This example shows how to design a Gaussian pulse-shaping FIR filter and the parameters influencing this design. The FIR Gaussian pulse-shaping filter design is done by truncating a sampled version of the continuous-time impulse response of the Gaussian filter which is given by:

The parameter 'a' is related to 3-dB bandwidth-symbol time product (B*Ts) of the Gaussian filter as given by:

There are two approximation errors in the design: a truncation error and a sampling error. The truncation error is due to a finite-time (FIR) approximation of the theoretically infinite impulse response of the ideal Gaussian filter. The sampling error (aliasing) is due to the fact that a Gaussian frequency response is not really band-limited in a strict sense (i.e. the energy of the Gaussian signal beyond a certain frequency is not exactly zero). This can be noted from the transfer function of the continuous-time Gaussian filter, which is given as below:

As f increases, the frequency response tends to zero, but never is exactly zero, which means that it cannot be sampled without some aliasing occurring.

Frequency Response for FIR Gaussian Filter (oversampling factor=16)

Frequency Response for FIR Gaussian Filter (oversampling factor=4)

To design a continuous-time Gaussian filter, let us define the symbol time (Ts) to be 1 micro-second and the number of symbols between the start of the impulse response and its end (filter span) to be 6. From the equations above, we can see that the impulse response and the frequency response of the Gaussian filter depend on the parameter 'a' which is related to the 3 dB bandwidth-symbol time product. To study the effect of this parameter on the Gaussian FIR filter design, we will define various values of 'a' in terms of Ts and compute the corresponding bandwidths. Then, we will plot the impulse response for each 'a' and the magnitude response for each bandwidth.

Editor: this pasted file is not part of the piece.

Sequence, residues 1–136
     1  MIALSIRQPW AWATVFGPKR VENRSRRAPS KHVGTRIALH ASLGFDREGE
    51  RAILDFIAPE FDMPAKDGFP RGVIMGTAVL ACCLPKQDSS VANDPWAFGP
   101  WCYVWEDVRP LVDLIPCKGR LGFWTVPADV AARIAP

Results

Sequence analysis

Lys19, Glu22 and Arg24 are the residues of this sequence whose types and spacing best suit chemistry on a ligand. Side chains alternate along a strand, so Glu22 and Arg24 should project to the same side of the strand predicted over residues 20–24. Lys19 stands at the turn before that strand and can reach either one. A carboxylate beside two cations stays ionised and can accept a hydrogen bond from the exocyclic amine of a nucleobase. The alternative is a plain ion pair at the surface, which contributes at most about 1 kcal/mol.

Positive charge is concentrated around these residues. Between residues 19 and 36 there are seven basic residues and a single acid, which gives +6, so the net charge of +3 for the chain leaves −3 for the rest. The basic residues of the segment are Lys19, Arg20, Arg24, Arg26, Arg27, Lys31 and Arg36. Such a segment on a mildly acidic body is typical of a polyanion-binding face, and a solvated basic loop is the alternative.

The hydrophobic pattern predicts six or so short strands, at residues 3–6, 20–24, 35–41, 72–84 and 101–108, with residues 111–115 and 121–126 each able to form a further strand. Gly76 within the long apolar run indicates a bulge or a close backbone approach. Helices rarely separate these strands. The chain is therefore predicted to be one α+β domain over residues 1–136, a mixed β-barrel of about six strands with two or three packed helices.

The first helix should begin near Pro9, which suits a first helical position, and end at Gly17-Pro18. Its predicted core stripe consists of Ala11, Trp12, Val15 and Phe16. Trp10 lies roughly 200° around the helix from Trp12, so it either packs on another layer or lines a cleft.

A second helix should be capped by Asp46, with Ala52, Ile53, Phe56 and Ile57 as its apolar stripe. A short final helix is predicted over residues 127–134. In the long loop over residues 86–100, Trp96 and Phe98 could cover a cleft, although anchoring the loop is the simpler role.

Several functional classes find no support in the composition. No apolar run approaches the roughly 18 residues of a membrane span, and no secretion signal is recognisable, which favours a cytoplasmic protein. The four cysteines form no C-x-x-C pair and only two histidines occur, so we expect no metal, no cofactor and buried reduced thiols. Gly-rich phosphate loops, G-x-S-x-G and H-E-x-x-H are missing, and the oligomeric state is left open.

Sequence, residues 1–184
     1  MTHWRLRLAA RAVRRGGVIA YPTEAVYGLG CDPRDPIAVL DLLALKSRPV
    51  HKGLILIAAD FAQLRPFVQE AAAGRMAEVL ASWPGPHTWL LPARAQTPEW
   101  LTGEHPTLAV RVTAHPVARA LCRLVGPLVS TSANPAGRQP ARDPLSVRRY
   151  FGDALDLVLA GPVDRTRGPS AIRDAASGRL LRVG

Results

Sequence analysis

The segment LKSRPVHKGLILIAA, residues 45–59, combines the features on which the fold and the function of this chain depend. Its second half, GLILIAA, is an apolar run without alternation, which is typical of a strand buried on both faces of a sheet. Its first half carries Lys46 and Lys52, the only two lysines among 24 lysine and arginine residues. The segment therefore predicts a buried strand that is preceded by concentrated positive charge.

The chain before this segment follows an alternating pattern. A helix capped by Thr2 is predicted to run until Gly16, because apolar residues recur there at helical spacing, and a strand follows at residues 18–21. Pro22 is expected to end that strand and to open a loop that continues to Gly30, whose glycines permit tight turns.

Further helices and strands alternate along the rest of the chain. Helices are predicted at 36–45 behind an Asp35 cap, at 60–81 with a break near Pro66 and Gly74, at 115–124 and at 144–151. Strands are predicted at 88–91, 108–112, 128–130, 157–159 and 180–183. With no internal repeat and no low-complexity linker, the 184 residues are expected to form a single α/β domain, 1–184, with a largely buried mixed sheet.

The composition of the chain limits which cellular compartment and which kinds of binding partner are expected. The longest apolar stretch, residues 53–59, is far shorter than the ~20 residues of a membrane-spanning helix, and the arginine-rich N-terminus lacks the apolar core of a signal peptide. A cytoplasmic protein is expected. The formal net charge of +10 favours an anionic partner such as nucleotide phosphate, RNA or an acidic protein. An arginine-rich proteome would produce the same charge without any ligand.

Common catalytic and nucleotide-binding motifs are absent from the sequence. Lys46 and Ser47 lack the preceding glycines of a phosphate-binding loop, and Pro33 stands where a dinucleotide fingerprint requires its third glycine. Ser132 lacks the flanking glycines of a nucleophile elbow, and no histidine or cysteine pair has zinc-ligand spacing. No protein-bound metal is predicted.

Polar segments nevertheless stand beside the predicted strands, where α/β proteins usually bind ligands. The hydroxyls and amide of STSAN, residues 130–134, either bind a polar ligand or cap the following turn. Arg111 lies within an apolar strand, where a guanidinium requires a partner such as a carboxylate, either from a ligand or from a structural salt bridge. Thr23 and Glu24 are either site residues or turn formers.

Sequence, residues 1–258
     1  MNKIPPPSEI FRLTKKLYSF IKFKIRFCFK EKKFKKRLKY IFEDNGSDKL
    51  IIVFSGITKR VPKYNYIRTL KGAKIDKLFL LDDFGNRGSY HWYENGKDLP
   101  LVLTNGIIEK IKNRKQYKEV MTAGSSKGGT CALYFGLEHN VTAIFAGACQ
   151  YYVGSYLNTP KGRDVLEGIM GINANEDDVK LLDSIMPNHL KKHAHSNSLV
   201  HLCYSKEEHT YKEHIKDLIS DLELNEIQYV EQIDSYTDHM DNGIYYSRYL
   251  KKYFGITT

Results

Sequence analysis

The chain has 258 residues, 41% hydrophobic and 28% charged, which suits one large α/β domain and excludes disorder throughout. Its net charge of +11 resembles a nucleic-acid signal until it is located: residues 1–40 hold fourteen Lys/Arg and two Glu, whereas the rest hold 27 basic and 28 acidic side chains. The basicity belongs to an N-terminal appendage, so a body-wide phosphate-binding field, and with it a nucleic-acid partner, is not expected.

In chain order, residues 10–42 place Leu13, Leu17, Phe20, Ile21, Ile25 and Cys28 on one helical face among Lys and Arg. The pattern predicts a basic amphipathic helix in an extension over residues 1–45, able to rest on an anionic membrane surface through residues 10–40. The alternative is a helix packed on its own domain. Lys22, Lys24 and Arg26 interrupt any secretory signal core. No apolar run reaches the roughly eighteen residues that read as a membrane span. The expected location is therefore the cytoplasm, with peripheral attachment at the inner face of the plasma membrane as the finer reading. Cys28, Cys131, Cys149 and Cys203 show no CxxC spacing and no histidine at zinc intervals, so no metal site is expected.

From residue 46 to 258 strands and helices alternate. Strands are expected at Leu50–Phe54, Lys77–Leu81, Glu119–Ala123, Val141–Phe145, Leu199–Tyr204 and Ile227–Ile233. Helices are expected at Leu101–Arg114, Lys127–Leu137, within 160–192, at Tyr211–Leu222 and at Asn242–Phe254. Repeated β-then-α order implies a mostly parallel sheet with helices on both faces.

Ts = 1e-6; % Symbol time (sec) span = 6; % Filter span in symbols a = Ts*[.5, .75, 1, 2]; B = sqrt(log(2)/2)./(a); t = linspace(-span*Ts/2,span*Ts/2,1000)'; hg = zeros(length(t),length(a)); for k = 1:length(a), hg(:,k) = sqrt(pi)/a(k)*exp(-(pi*t/a(k)).^2); end plot(t/Ts,hg) title({'Impulse response of a continuous-time Gaussian filter';... 'for various bandwidths'}); xlabel('Normalized time (t/Ts)') ylabel('Amplitude') legend(sprintf('a = %g*Ts',a(1)/Ts),sprintf('a = %g*Ts',a(2)/Ts),... sprintf('a = %g*Ts',a(3)/Ts),sprintf('a = %g*Ts',a(4)/Ts)) grid on;

Note that the impulse responses are normalized to the symbol time.